Many of you may know that, for a brief period of my life, I bred and showed Persian cats. What you probably don’t know is that in the cat fancy there is a huge divide in the cat game between long hair and short hair people. That is, there is a huge divide between the people who show long-haired cats and those who show short-haired cats, even more specifically, the people who own Persian Cats and Exotics (a kind of short plush-coated Persian) and the rest of cat exhibitors. The reason is pretty simple. Persians, and the people who love with them, are pretty mellow, while the rest of the cat breeds, and their owners, are not.

Just as we have people in the dog world who have ventured into the dicey world of hybridizing wild breeds with domesticated breeds, the cat fancy has its proponents of an easy path to creating a new “breed.” One such cat breed is the Bengal, a breed that is recognized by the International Cat Association (TICA), but not by the Cat Fanciers Association (CFA). The Bengal, recognized by TICA in 1986, is the result of a cross between a domestic tabby cat and the wild Asian Leopard Cat. The result is a larger than average, striking-looking cat reminiscent of a miniature leopard which can have the temperament of its wild ancestors. For a couple of decades now, Bengals have been bred to Bengals, and the temperaments are reportedly improving.

Now, I exhibited Himalayans, know in CFA as Pointed Persians. My cats were among the sweetest, most mellow & dumbest cats I have ever met. I mean, I had one that would lie on his back in the bath and purr. In the show hall, I witnessed more than one exhibitor bleeding profusely from an encounter with their short hair cat. I was quite happy to remain separate and apart from these less than friendly animals. So imagine my chagrin this afternoon when my canine version of Moe, Larry & Curly, my Cairn, Scottie, & IG called me to my backyard to announce they had discovered a Bengal there. The encounter did not last long. My Scottie, Bernie, put up a great display of bravado, but made no commitment to battle. My Italian Greyhound, Pepe, raced about frantically…at a safe distance from the intruder. My Cairn, DeeDee (short for Devil in Disguise), did not wait for her timid brothers, but immediately confronted the cat, which was twice her size. After a quick tussle, the cat decided Dee Dee was too much trouble and immediately availed himself of one of the large trees in my backyard.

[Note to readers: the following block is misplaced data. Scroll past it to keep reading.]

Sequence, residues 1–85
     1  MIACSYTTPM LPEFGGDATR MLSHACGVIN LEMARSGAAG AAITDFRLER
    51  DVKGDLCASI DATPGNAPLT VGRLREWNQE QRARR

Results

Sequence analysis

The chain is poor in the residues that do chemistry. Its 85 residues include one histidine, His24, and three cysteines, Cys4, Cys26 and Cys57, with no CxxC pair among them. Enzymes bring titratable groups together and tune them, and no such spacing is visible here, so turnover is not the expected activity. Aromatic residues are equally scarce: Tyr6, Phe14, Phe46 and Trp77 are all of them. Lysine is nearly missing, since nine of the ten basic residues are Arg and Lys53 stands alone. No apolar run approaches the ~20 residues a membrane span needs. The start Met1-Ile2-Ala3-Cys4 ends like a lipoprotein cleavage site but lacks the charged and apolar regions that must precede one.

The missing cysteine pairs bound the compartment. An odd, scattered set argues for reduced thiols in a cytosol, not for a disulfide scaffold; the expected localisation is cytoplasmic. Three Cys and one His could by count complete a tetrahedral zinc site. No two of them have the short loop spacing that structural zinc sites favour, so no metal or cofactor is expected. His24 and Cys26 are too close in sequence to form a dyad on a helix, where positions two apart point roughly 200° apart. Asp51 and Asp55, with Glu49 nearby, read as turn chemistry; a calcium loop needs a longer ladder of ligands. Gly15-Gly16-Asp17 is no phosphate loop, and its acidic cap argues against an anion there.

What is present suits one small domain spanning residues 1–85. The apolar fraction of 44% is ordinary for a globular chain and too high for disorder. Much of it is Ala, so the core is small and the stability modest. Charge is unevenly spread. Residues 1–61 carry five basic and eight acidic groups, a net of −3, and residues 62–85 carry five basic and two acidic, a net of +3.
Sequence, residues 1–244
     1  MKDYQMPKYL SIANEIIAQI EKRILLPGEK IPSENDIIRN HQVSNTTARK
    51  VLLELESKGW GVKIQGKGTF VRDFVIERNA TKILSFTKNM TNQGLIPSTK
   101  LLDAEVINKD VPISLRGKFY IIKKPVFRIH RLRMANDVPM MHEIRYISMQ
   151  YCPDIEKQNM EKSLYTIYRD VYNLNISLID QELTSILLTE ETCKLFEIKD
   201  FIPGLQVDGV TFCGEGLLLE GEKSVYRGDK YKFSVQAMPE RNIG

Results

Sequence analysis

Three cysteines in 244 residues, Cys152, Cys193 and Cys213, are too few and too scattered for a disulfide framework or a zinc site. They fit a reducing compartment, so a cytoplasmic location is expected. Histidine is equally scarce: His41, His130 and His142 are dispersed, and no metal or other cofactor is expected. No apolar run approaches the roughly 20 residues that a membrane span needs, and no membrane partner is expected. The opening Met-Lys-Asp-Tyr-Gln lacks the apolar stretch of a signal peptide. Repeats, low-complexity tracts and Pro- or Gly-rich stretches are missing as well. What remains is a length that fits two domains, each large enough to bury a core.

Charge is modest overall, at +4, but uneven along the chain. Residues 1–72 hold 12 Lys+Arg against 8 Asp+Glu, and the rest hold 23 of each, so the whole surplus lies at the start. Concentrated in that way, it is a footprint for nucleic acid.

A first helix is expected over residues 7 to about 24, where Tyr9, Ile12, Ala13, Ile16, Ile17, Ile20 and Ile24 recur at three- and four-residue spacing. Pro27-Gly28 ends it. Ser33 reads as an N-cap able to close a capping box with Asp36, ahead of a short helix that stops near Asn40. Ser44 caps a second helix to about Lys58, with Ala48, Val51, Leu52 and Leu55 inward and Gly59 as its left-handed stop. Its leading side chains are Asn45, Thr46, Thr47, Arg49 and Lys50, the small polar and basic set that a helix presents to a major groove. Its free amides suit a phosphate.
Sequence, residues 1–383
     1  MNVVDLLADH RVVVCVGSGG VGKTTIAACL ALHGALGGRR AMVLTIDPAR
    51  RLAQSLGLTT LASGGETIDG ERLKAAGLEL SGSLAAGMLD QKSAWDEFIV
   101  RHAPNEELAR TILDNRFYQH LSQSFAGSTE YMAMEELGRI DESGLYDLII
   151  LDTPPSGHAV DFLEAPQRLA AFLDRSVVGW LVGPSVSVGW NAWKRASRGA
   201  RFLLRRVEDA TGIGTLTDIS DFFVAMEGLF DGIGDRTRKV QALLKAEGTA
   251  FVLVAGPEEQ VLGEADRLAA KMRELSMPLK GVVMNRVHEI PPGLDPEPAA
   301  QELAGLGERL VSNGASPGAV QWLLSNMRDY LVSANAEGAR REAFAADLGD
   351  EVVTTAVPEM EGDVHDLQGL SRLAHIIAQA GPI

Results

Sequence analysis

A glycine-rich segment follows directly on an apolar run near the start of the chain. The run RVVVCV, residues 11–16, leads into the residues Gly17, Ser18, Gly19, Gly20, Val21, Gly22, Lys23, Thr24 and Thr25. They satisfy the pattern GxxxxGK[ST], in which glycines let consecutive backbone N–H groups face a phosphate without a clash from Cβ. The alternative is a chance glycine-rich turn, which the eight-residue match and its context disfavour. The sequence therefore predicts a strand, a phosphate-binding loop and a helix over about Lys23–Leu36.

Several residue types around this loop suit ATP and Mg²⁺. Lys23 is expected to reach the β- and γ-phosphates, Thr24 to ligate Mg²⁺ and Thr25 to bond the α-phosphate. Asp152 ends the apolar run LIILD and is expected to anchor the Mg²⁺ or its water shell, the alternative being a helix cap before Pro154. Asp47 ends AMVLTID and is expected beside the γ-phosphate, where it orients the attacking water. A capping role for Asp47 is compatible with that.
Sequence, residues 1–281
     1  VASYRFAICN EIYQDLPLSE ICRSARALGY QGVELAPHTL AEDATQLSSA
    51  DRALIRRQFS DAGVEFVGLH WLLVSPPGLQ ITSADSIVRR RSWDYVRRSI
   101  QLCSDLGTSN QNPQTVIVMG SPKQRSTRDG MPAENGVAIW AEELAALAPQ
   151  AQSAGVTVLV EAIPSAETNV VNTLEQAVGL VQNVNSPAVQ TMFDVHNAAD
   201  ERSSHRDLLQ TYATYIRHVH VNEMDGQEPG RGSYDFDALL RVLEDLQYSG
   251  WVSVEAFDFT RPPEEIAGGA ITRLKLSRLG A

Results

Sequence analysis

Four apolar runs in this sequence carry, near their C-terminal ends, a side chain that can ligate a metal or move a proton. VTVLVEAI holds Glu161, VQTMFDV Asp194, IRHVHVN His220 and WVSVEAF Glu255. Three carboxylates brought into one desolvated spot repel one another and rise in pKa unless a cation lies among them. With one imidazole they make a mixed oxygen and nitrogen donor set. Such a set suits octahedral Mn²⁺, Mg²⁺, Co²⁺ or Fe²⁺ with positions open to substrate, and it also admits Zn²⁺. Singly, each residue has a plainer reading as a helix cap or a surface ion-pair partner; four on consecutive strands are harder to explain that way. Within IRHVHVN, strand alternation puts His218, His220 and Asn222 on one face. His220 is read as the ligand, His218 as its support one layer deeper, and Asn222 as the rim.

As I am wont to do whenever I wish to sate my curiosity, I went to Google and I found this on TICA’s web site: “While you can train a Bengal to have ‘good manners,’ they are an active, inquisitive cat that loves to be up high. If you don’t like a cat to leave the floor, a Bengal is probably not the right cat for you.” No kidding. I’m beginning to think that the squirrels in my yard no longer have any safe quarter. The yard means death by DeeDee, and the trees mean becoming a Bengal bite. Three hours after the encounter, my neighbor is at my door. She is a decent enough type, who, like I, rarely interacts with the rest of the neighbors on the street. “Have you seen a Bengal cat around today?” I am probably the only person on the block who knows what a Bengal cat is. I may be the only other person for miles who knows what a Bengal cat is.

“Yes, I have,” I replied. “My dogs chased him up a tree in my backyard three hours ago.” I took her into my backyard, and we searched the trees, but did not see her cat. I assured her he wasn’t likely to return to my yard. An hour later, she shows up with a scruffy looking guy, who announces he climbs trees. This came as no surprise to me as he looked as if he would be very comfortable in a tree (see the definition of Yahoo in Swift’s Gulliver’s Travels). “We have spotted him in your tree,” they inform me. Now I have a moral dilemma. I wish no harm to any animal, but I have little sympathy for people who keep hybrid breeds, and I’m certain that my insurance agent won’t be happy that I have a person going stupidly where no man has gone before.

Of course, I sided with the animal. So, for the last three hours, I have kept my dogs in the house while some skinny white guy auditioned for a new Cirque du Soleil show, “Le Chat Dans L’Arbre ou Jamais Un Pompier En Besoin” (The Cat in the Tree or There’s Never a Fireman when Needed). As the sun fell, I caught a glimpse of the Bengal, some 40 feet above the forest floor, languidly draped over a branch as he slept. If I were a squirrel, I would leave before he wakes up. The skinny white dude did. And that’s today’s Back Story.